1.         Urges all States that have not yet done so, pending the imposition of comprehensive and mandatory sanctions, to adopt legislative and/or comparable measures to impose effective sanctions against South Africa and, in particular:

(a)        To impose embargoes on the supply of all products, technologies, skills and services that can be used for the military and nuclear industry of South Africa, including military intelligence;

(b)        To impose embargoes on the supply of oil and petroleum products;

(c)        To prohibit the import of coal, gold, other minerals and agricultural products from South Africa and Namibia;

(d)        To induce transnational corporations, banks and financial institutions to withdraw effectively from South Africa by ceasing equity and non-equity investment, transfer of technology and know-how, and provision of credit and loans;

(e)        To sever all air, sea and other transport links with South Africa;

(f)         To prevent, through appropriate measures, their citizens from serving in South Africa's armed forces and other sensitive sectors;

(g)        To take appropriate measures to ensure the effectiveness of the sports and cultural boycott of the racist regime of South Africa;

2.         Further urges all States to monitor strictly the implementation of the above measures and adopt when necessary legislation providing for penalties on individuals and enterprises violating those measures;

3.         Requests the Secretary-General to report to the General Assembly at its forty-fourth session on new legislative and/or comparable measures adopted and implemented by States against South Africa, especially on areas in which the South African economy depends on the outside world.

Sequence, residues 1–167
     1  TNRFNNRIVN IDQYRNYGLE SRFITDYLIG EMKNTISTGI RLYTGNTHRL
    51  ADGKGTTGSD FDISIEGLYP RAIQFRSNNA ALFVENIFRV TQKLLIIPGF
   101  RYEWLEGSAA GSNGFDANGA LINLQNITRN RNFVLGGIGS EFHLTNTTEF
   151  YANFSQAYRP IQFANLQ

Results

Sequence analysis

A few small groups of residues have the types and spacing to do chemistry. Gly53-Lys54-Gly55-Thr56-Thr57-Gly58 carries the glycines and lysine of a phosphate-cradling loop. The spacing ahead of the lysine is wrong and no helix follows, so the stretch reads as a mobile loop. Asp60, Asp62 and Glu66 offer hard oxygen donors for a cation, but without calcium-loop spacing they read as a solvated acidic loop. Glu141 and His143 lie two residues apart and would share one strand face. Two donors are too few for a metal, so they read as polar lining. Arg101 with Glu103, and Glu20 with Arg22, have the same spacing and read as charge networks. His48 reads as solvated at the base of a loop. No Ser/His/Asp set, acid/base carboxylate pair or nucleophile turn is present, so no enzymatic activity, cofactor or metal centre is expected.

E

Relations between South Africa and Israel

The General Assembly,

Recalling its resolution 42/23 D of 20 November 1987,

Having considered the report of the Special Committee against Apartheid, particularly annex I on recent developments concerning relations between South Africa and Israel,

1.         Calls upon Israel to abide by the relevant resolutions of the General Assembly and the Security Council by terminating forthwith all forms of military, nuclear, intelligence, economic and other collaboration, particularly its long-term contracts for military supplies, with South Africa;

2.         Requests the Special Committee against Apartheid to continue to monitor the relations between South Africa and Israel and keep them under constant review, including the implementation of the measures adopted by Israel, and report to the General Assembly and the Security Council as appropriate.

F

Programme of work of the Special Committee against Apartheid

The General Assembly,

Having considered the report of the Special Committee against Apartheid,

1.         Commends the Special Committee against Apartheid for its work in the discharge of its responsibilities in promoting international action against apartheid;

2.         Takes note of the report of the Special Committee and endorses the recommendations contained in paragraph 194 of the report relating to its programme of work;

3.         Decides to make a special allocation of 400,000 dollars to the Special Committee for 1989 from the regular budget of the United Nations to cover the cost of special projects to be decided upon by the Committee;

4.         Requests Governments and organizations to provide financial and other assistance for the special projects of the Special Committee and to make generous contributions to the Trust Fund for Publicity against Apartheid;